3 Chinese Convicted in Deadly Italian Factory Fire

By FRANCESCO SPORTELLI | January 14, 2015

An Italian court on Monday convicted a Chinese garment manufacturer and two Chinese managers of manslaughter in a 2013 factory fire that killed seven people in the Tuscan city of Prato.

Judge Silvia Isidori also read out sentences for the defendants. The stiffest sentence, eight years and eight months, went to Lin You Lan, the owner of the Teresa Moda factory, which churned out cheap clothes in the largely Chinese manufacturing district in Tuscany. Two factory managers, Lin Youli, and her husband, Hu Xiaoping, received sentences of six years and 10 months, and 6 1/2 years, respectively.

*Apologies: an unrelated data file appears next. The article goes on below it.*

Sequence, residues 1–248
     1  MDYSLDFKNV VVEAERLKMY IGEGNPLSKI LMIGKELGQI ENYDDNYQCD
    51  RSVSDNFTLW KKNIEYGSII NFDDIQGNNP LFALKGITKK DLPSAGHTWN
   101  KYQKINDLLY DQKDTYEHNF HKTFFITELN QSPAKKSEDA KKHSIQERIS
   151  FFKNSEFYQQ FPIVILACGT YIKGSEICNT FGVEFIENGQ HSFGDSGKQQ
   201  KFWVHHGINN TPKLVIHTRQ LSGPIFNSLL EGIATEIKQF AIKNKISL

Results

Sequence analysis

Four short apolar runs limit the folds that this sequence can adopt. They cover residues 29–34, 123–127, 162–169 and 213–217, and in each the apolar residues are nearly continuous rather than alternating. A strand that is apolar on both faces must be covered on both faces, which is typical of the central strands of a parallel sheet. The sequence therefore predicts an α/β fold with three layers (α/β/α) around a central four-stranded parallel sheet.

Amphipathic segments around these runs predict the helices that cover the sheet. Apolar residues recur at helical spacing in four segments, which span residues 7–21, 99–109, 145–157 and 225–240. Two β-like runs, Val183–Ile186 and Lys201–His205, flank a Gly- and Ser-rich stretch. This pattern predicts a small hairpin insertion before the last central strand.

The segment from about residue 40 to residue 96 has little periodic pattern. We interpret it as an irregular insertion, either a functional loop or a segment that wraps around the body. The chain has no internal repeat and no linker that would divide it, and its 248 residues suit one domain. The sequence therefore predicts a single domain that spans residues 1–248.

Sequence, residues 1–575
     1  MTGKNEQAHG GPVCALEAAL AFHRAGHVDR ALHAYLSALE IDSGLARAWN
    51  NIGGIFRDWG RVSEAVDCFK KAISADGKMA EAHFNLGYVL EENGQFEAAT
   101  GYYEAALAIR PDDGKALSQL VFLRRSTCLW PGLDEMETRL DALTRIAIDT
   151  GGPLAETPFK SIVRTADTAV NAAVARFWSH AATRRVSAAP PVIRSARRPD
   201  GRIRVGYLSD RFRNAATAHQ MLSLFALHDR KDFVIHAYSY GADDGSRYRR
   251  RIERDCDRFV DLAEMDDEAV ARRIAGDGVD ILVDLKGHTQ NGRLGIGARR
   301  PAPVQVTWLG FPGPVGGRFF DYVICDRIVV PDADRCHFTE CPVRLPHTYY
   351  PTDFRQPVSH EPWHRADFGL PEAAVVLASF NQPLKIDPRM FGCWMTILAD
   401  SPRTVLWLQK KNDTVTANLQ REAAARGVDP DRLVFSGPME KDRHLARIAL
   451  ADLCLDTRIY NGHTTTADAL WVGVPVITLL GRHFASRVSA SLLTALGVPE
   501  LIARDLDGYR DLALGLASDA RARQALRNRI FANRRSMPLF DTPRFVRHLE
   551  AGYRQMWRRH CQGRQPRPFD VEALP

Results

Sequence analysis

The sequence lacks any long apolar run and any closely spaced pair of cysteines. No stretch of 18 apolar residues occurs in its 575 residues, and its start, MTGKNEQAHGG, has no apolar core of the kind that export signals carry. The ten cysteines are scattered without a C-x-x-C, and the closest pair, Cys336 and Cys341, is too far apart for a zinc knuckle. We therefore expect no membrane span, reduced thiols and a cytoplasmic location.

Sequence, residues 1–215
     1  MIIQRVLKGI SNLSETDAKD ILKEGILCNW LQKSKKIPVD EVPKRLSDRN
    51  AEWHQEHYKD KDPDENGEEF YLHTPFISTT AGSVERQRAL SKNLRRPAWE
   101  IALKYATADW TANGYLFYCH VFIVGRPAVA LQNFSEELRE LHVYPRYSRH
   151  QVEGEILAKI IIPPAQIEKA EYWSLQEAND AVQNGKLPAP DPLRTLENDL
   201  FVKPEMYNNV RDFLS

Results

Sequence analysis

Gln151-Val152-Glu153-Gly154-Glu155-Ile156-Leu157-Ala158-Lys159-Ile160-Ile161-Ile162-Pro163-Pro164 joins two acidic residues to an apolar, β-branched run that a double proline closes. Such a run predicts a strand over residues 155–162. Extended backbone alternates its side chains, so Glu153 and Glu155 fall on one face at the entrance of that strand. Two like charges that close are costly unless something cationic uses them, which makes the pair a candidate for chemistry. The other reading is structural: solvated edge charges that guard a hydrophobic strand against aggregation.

The fire exposed the pursuit of profit over safety in Italy. Prosecutors alleged the factory’s fire exit was blocked by piles of flammable fabric; the defense disputed that.

The three defendants were also convicted of exploiting clandestine labor and failing to use safety measures.

For years, thousands of Chinese migrants have been smuggled into Italy, often to find work at factories that ignore basic safety standards. Police investigations found that billions of euros in wages earned were smuggled to China over the last few years.

The fire spurred Italian authorities to beef up safety standards enforcement. Italian authorities have raided nearly 2,000 Chinese factories over the last several years, closing more than 900 for safety and labor violations. The factories have generally thrived even as Italy’s economy lags.

More than 40,000 Chinese live in Prato, some 15,000 illegally, authorities say. The area has one of the highest concentrations of Chinese in Europe.

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